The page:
While it may be apparent what it feels like to live with the consequences of past trauma on a daily basis, we don’t usually have the information we need to understand what exactly transpired in our minds and bodies at the time of the trauma. We suffer mental, emotional and physical symptoms as a direct consequence of how the trauma changed the development of our body-mind.

EFT (Emotional Freedom Techniques) coupled with counselling has proved effective in providing true emotional freedom from all types of trauma; accidents, injury, childhood trauma, abuse, PTSD, rape, sudden loss or bereavement.

“Healing doesn’t mean the damage never existed. It means the damage no longer controls our lives”

stress from traumaHow would you move forward in your life if you could deal with and resolve the trauma you have experienced?

Get in touch with me for a consultation or to book a session:

By phone (852) 6444 0952
By e-mail falguni@freeingemotions.com
Use the Online Contact Form

Phobias and Fears

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Phobias and Fears

Big or small, fears and phobias are like roadblocks in our lives. Our lives get smaller based on these limitations, keeping us from living our lives to the fullest.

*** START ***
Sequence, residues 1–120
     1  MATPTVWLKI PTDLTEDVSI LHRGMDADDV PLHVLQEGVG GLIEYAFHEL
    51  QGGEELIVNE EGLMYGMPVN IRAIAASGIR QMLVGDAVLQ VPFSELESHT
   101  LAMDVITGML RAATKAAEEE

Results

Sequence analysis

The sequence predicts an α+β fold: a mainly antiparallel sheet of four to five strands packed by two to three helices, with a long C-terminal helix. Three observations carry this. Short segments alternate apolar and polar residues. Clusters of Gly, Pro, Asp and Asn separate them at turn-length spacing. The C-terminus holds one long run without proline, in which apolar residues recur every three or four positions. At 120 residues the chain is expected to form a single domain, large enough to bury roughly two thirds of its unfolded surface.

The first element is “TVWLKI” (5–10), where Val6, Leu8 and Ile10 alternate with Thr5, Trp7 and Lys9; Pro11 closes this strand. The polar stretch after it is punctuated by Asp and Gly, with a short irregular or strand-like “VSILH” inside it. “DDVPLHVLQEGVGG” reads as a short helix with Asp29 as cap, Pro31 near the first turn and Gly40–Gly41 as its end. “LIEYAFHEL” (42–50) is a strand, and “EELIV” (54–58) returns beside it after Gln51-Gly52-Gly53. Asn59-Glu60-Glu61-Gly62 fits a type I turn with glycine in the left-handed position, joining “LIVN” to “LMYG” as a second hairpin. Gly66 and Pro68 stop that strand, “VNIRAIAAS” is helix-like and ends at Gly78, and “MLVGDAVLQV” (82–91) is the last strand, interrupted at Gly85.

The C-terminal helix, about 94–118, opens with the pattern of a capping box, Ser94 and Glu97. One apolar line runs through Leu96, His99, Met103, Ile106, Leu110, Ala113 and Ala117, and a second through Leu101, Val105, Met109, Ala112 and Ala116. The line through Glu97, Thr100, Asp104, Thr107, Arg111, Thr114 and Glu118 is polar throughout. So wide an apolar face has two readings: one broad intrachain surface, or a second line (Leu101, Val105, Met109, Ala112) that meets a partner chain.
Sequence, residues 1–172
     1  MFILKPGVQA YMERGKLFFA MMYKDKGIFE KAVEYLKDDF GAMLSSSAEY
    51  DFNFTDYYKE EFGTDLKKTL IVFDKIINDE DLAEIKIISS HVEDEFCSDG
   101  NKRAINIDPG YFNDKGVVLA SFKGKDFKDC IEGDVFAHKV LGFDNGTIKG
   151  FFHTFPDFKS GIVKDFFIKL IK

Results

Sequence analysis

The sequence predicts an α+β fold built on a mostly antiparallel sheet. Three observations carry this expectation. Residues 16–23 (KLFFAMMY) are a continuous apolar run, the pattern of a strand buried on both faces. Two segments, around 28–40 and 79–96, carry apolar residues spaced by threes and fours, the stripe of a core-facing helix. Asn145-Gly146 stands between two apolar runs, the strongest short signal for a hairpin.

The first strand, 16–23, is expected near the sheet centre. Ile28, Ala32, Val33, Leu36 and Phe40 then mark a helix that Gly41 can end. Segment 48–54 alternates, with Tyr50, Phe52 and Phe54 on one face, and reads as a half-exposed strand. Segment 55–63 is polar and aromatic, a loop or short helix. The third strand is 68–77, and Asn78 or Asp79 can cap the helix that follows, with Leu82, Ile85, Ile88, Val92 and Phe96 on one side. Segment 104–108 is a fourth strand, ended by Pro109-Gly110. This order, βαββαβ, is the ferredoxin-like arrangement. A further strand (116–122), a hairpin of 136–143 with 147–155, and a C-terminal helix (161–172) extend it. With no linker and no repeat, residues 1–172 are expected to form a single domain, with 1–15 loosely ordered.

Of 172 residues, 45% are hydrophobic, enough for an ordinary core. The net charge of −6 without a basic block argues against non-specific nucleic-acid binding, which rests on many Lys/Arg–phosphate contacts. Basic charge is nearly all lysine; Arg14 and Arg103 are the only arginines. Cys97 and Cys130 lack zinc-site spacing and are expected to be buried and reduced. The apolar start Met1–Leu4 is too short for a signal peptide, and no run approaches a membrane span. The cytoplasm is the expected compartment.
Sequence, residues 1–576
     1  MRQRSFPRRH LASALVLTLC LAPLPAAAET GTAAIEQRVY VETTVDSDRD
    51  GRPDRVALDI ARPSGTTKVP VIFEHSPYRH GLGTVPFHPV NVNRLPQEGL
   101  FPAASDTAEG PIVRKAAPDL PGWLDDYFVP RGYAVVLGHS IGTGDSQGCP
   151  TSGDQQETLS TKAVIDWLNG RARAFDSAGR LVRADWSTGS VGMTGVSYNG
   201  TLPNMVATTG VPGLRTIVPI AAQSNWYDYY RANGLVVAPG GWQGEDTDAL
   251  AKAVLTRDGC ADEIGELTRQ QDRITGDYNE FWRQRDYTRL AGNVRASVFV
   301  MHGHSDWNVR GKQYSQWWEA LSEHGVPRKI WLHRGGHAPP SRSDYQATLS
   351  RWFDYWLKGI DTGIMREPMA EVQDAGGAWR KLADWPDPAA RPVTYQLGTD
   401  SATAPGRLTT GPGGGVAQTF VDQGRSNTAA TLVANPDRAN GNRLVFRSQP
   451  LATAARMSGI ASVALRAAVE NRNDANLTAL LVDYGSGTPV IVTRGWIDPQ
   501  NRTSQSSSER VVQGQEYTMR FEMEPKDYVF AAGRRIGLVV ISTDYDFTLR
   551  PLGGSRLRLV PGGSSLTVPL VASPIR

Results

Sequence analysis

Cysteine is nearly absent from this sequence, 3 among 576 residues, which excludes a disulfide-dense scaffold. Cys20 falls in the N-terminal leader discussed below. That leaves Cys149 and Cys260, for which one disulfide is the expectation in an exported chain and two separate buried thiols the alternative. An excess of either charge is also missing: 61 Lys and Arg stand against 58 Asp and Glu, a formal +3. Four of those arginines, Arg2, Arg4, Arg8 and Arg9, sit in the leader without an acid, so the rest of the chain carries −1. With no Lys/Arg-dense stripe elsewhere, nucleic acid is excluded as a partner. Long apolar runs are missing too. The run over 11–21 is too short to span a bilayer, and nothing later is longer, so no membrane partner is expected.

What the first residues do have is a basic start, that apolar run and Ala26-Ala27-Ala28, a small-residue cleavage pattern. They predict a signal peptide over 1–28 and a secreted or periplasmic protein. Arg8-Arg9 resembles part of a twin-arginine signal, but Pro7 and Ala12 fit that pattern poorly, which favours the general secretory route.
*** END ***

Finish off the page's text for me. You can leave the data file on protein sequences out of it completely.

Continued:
Big fears, like not being able to ride in lifts, or fly in planes, are apparent in their limitations, and when overcome, create visible, life changing shifts.

Phobias However, there are also the less obvious fears that we carry around with us. These are the things we procrastinate about, feel slightly anxious about, the ones that we are so used to that they even feel comfortable. They have become part of who we are.

Most people have an irrational fears about something, for example, cockroaches, bees, or a visit to the dentist. These fears are usually relatively small and don’t impede our lives in big ways. When little fears become so extreme that they cause immense anxiety and interfere with our functioning in life, they are called phobias. EFT (Emotional Freedom Techniques) works efficiently to manage and resolve fears and phobias, big or small.

Having helped many clients overcome fears and phobias that they have been holding on to for years, I would love to help you to overcome any limits so you can live your life with renewed confidence.

freedom from fears and phobiasWhat more could you do with your life if you could let go of your fears or phobias?

Get in touch with me for a consultation or to book a session:

By phone (852) 6444 0952
By e-mail falguni@freeingemotions.com
Use the Online Contact Form


Testimonial: